A complete view of Acoustical Science & its bearings on music, for musicians & music students.

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THE TRANSMISSION OF SOUND.                  13
17 equidistant particles of water at rest, and the circles in which they are about to move, in the same direction as the hands of a clock. In (0), the position of each of these particles is given at the moment when they form parts of the two complete waves A and B, which are supposed to be passing from left to right; the 8th particle from the left has just passed through of its journey,
that isof the whole circumference ; the 7th particle has passed through the 6th through the 5th has just performed
its journey; the 4th, the 3rd, the 2nd, and the first has just completed its course and regained its original position. In (1) each particle has moved throughmore of its curve, and the wave has passed through a space equal to of its length. In (2) each particle has moved through more, and the wave has again advanced as before; and so on, in (3), (4), (5), (6), (7), and (8). Each particle in (8) has the same position as in (0), having made one complete journey ; and the wave has advanced one wave length. Thus we see, as in the experiment with the trough, that each particle makes one complete journey in the same time as the wave takes to travel its own length.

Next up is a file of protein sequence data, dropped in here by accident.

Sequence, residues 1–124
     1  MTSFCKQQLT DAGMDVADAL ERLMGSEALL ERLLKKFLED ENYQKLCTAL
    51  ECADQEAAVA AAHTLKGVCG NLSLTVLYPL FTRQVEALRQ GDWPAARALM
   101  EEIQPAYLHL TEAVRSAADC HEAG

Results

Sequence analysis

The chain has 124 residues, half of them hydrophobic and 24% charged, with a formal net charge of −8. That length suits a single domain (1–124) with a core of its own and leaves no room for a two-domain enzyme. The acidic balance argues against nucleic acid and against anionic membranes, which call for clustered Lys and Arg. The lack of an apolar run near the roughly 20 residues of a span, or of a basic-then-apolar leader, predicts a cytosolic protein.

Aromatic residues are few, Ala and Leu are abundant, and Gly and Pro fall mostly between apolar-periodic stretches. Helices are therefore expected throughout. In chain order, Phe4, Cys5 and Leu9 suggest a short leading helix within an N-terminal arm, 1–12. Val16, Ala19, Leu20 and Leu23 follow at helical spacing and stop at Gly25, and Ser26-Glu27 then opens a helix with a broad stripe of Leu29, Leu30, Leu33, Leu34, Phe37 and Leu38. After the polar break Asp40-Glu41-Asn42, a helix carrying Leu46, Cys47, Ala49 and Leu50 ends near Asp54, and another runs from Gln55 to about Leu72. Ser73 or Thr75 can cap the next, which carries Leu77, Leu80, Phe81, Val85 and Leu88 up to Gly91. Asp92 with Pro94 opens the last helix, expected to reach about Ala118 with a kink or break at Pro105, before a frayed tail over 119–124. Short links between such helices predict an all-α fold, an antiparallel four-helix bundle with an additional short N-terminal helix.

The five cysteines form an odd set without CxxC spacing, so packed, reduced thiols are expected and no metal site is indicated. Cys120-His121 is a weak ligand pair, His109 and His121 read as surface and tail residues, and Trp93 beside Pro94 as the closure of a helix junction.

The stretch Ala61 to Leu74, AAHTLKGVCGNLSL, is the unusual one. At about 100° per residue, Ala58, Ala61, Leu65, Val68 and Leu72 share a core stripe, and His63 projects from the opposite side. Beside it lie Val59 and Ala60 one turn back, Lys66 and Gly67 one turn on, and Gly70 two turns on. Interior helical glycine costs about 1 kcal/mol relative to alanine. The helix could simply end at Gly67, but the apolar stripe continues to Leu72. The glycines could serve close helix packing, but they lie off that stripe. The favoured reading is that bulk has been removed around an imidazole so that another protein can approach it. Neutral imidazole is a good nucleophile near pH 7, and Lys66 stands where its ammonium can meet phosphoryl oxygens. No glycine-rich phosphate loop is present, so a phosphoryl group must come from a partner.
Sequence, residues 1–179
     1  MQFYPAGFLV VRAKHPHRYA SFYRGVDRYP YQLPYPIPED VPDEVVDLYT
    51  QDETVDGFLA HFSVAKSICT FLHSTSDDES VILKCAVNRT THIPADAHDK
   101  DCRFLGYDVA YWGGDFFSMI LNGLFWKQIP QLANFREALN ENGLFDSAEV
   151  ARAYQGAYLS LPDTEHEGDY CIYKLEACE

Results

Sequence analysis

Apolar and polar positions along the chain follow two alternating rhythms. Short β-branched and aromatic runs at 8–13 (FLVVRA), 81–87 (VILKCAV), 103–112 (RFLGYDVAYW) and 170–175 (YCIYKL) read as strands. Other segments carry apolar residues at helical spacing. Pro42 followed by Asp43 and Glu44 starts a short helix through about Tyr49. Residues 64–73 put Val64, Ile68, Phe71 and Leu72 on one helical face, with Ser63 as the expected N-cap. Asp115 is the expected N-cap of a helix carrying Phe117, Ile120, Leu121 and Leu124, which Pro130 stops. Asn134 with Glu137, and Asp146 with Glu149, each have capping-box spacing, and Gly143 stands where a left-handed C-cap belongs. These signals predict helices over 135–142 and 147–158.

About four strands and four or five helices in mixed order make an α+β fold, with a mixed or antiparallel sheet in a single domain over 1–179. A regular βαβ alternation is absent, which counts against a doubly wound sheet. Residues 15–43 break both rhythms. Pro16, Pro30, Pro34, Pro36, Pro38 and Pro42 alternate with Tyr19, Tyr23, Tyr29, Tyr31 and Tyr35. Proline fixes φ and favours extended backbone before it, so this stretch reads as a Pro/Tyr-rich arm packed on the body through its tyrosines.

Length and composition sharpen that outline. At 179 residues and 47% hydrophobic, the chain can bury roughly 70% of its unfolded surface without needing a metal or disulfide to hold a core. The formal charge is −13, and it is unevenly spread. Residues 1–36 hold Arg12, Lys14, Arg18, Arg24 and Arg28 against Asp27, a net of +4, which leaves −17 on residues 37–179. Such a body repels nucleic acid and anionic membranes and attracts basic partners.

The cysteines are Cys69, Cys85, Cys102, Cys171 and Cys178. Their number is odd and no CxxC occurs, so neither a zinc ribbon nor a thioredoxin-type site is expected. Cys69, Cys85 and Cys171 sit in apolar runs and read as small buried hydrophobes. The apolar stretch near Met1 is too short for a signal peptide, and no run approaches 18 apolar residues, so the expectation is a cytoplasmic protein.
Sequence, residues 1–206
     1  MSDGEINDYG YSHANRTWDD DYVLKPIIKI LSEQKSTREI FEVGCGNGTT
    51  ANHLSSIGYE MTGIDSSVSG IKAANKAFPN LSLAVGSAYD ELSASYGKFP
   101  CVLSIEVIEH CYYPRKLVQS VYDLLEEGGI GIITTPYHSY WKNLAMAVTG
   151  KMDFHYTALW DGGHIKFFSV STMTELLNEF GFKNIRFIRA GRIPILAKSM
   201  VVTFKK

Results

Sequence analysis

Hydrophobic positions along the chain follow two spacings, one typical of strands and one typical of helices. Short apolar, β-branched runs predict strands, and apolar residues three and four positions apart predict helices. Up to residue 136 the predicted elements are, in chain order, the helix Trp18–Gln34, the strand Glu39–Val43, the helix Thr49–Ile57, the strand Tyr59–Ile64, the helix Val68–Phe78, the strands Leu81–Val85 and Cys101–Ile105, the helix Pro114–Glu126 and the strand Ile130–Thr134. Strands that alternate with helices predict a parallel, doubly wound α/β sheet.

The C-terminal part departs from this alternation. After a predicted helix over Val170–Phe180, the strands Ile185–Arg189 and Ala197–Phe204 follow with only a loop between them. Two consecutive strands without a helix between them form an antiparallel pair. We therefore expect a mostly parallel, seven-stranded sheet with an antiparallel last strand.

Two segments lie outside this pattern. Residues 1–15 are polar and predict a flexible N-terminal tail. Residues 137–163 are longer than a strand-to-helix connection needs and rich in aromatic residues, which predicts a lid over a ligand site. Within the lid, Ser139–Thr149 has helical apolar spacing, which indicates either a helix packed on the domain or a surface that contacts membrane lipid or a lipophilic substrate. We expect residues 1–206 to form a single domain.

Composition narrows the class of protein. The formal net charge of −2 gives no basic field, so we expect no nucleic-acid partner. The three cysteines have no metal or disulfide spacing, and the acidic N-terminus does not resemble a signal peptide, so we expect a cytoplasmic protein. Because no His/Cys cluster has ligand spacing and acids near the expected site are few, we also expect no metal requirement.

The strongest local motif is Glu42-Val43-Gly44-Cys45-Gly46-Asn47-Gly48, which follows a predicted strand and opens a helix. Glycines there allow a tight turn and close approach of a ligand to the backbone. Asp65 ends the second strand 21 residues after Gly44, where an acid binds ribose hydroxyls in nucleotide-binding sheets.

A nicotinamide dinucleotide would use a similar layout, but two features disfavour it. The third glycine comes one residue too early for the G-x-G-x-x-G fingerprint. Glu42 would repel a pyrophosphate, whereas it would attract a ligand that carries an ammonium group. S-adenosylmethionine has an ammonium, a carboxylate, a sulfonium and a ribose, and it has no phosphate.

Another variety of wave motion may be studied thus: Fill an india-rubber tube, about 12 feet long and J inch in diameter, with sand, and fasten one end to the ceiling of a room. Hold the other end in-the hand, and jerk it sharply on one side. Notice the wave motion thus communicated to the tube, the wave consisting of two protuberances, one on each side of the position of the tube at rest; the one corresponding to the crest of the water wave, and the other to its trough. Let the uppermost row of dots in fig. 11, represent